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Special pattern in the directivity of loudspeaker

  1. Oct 30, 2007 #1
    hi all.
    For boxed loudspeaker, the direcitivity is as shown in the figure below.
    The directivity change from a circular shape into a saw-tooth shape when the frequency increases. Why would this be?
    I am wondering if this will be caused by interference? But there seem to be no evidence showing that interference will be stronger for higher frequencies?

    Please express your views. Thanks

    Attached Files:

  2. jcsd
  3. Oct 30, 2007 #2


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    The change in pattern is due to pressure nodes that are created at ever increasing frequencies.

    The issue you talk about is a classical problem in acoustics; the baffled piston. The sound intensity can be calculated via

    [tex]I_{(r,\theta)} = \frac{\rho_o c k^2 U_{rms} \pi^2 z^2}{4\pi^2r^2}\left[\frac{2J_1(k z sin \theta)}{k z sin\theta}\right]^2 [/tex]

    [tex]I[/tex] = sound field intensity
    [tex]\rho_o[/tex] = density of the medium
    [tex]c[/tex] = speed of sound
    [tex]k[/tex] = wavenumber
    [tex]U_{rms}[/tex] = RMS speed of the piston surface
    [tex]z[/tex] = piston radius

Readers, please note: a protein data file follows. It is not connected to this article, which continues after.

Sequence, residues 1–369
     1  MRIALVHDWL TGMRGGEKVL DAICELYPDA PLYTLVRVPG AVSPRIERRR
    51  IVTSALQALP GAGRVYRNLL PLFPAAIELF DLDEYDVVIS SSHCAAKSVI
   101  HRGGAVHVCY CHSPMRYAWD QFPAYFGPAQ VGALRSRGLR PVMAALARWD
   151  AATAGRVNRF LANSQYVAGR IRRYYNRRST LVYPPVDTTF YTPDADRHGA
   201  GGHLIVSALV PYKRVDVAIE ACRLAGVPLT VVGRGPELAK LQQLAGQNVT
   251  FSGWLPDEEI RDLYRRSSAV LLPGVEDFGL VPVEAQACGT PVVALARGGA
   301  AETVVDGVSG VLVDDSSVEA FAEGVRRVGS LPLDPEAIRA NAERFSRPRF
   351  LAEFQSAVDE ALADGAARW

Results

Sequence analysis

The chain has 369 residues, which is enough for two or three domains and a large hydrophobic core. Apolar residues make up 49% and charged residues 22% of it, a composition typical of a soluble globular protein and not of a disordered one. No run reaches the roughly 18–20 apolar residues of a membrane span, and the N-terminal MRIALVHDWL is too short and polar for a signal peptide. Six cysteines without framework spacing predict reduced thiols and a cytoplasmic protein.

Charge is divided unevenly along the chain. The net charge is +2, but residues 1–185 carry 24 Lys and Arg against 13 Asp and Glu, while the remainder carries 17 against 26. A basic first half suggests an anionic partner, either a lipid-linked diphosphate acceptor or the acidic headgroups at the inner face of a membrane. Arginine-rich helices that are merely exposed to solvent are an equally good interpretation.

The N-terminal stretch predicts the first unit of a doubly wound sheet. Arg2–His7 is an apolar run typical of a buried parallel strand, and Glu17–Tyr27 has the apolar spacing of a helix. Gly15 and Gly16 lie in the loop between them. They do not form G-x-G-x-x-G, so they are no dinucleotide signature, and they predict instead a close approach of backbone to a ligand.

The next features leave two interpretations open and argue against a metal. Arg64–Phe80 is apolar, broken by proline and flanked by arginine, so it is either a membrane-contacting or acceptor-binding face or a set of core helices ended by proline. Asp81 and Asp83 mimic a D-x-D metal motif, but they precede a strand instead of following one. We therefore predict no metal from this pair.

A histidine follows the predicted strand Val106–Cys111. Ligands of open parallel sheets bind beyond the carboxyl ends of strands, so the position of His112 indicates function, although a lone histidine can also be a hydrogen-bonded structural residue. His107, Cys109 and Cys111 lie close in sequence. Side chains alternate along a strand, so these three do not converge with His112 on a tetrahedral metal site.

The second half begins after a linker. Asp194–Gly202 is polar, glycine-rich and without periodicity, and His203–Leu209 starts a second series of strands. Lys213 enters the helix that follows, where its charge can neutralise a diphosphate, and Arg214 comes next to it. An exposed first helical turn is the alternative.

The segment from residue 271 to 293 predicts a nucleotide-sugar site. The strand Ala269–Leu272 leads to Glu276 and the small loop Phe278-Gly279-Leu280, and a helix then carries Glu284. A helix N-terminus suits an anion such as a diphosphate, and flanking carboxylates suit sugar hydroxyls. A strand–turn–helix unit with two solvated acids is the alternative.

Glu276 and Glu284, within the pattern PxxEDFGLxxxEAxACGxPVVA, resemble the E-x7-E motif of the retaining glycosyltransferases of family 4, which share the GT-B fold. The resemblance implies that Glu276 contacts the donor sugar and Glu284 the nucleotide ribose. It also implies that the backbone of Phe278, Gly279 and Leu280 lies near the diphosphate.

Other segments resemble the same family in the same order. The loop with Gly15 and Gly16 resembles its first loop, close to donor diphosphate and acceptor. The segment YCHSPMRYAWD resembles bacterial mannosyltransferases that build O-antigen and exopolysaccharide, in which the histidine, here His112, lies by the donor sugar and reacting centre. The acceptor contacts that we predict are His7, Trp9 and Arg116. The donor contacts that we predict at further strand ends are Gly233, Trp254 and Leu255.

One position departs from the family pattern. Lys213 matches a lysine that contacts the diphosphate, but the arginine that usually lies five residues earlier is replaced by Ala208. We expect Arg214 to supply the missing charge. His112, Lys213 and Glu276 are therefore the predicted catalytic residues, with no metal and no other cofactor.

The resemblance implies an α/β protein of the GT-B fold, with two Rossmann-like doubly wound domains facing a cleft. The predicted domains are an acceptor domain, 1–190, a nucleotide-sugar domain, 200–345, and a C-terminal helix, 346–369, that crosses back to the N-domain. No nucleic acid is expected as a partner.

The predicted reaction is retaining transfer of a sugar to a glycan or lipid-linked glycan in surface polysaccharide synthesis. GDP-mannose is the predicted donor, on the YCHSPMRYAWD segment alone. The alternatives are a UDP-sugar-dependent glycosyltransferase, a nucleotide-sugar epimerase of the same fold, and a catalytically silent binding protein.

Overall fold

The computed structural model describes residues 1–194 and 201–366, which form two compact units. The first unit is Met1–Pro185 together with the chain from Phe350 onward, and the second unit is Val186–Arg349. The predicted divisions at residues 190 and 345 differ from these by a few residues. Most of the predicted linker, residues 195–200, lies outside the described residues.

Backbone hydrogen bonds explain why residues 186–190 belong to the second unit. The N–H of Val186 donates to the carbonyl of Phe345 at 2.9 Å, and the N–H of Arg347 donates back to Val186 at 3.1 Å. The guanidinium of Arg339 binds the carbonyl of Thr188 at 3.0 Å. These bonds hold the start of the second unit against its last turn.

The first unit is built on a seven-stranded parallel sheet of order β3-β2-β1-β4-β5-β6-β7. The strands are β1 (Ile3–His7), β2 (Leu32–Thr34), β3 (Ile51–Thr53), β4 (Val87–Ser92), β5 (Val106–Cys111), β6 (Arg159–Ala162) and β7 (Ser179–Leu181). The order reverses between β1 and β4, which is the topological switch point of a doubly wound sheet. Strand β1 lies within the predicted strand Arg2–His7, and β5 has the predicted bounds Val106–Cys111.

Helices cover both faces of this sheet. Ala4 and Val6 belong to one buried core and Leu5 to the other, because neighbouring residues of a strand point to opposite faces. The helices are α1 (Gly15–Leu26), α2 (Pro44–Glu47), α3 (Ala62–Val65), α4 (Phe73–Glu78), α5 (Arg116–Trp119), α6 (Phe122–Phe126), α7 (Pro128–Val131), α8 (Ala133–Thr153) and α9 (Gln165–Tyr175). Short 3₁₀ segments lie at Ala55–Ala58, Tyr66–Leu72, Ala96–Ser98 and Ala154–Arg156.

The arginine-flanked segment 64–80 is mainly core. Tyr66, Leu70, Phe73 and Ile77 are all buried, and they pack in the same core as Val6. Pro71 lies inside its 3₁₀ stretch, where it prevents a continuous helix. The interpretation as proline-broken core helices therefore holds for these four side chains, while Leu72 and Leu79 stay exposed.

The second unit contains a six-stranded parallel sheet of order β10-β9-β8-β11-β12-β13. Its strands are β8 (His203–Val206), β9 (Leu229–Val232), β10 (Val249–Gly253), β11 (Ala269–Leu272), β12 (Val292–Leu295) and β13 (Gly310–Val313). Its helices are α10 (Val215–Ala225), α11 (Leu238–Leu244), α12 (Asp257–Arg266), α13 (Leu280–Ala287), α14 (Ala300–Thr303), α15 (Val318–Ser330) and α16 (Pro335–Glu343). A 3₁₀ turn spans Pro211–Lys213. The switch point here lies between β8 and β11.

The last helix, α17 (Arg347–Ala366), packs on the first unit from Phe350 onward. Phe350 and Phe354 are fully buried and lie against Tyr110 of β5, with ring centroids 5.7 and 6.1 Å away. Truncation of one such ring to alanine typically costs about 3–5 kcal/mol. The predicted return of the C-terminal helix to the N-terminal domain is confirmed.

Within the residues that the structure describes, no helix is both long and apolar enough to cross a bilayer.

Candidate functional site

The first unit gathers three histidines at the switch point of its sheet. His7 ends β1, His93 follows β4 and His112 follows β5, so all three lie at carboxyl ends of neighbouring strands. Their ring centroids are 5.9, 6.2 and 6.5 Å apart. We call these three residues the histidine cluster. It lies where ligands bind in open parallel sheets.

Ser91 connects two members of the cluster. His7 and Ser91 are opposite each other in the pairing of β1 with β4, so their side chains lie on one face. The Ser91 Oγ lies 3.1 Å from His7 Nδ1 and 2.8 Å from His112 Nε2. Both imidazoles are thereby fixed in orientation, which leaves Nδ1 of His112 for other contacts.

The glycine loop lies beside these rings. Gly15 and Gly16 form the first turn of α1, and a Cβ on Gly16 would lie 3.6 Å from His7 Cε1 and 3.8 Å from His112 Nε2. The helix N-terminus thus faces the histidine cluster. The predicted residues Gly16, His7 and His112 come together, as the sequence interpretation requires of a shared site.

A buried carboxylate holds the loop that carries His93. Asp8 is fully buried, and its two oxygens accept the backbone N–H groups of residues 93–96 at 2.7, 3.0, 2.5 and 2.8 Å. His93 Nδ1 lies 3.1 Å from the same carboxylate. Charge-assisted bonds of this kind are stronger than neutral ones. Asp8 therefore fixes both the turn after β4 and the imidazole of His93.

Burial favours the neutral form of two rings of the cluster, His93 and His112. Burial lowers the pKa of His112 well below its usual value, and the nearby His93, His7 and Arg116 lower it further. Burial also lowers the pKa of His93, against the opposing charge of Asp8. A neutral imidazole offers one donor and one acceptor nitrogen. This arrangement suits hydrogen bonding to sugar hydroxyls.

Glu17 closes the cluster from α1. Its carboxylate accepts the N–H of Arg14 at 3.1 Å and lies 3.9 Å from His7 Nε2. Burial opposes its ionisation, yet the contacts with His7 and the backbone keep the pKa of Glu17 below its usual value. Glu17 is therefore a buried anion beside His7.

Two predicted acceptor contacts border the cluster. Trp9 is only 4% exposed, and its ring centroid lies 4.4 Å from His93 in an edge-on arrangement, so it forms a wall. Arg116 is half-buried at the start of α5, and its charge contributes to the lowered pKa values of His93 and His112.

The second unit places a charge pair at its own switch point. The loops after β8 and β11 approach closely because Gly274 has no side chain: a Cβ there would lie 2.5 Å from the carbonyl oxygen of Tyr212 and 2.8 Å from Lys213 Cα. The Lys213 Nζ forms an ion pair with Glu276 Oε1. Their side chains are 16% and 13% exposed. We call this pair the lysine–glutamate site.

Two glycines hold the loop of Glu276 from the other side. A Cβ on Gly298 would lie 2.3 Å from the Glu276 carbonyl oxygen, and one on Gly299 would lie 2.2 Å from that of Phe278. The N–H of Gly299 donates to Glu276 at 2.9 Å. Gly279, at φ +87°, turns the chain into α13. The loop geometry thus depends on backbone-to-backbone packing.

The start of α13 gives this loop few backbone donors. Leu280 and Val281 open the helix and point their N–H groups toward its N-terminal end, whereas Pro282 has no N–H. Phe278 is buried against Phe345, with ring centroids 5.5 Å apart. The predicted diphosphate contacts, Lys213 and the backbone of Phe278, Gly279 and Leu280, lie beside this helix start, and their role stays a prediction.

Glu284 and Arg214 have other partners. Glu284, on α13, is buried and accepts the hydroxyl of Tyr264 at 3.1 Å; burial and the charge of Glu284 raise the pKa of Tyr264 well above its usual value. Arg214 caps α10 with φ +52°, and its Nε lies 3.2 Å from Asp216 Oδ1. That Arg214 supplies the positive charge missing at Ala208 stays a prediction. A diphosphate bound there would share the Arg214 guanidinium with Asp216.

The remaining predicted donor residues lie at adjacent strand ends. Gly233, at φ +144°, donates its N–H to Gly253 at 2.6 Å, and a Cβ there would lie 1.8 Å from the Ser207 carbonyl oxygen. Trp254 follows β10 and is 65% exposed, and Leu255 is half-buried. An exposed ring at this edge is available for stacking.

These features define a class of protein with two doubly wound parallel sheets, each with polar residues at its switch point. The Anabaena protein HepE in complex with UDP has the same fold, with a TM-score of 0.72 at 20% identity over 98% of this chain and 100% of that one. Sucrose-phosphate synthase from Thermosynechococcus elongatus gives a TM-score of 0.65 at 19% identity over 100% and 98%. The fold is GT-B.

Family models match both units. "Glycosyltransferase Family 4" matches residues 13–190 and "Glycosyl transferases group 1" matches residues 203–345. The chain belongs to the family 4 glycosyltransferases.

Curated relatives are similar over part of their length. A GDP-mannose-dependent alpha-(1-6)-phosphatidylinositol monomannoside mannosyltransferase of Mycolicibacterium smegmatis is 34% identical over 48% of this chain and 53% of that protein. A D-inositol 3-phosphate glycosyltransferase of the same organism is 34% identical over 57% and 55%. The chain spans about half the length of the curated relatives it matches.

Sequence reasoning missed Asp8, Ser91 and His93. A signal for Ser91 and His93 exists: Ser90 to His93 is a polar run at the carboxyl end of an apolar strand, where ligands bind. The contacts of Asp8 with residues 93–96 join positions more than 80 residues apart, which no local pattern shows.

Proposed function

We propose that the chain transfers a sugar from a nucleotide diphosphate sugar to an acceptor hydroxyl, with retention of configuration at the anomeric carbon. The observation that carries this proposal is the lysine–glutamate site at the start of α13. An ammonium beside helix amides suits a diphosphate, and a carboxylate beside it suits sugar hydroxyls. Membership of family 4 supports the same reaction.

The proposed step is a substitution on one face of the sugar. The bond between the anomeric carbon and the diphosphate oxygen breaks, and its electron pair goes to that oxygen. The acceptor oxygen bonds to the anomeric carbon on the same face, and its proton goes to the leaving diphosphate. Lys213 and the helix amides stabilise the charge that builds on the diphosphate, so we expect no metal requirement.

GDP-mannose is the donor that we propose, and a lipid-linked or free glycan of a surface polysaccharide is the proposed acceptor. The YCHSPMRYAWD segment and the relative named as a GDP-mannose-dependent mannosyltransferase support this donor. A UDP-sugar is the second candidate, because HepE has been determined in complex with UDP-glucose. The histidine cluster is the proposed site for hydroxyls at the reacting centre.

[tex]r[/tex] = radius from piston face
    [tex]J_1[/tex] = first order Bessel function

    The term in the second set of brackets is a directivity factor. That is the term that is responsible for the directional nature of the the pattern. Kind of interesting note: This is another reason why you see large woofers and small high frequency tweeters. The low frequency sounds are pretty much omni-directional. The higher frequencies require a smaller radius to be somewhat omni directional. It would not be good to have a speaker that has nodal points within your living room.
    Last edited: Oct 30, 2007
  4. Oct 31, 2007 #3

    Thanks FredGarvin.
    But I don't quite understand why pressure nodes will be created when we increase the frequency. Can you explain in a bit more detail?
  5. Oct 31, 2007 #4


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    You are looking at the result of really two waves interacting: the source wave from the speaker and the reflected wave from the, what would be referred to as, the ground or reflecting plane. As the frequency of the source increases, the wavelength goes down which means there will be more nodes within the same space to interact with each other. So, to get to point, it is due to interference between the two waves that causes the pattern.
  6. Oct 31, 2007 #5
    Thanks FredGarvin again for the clear explanation.
    You are so helpful.
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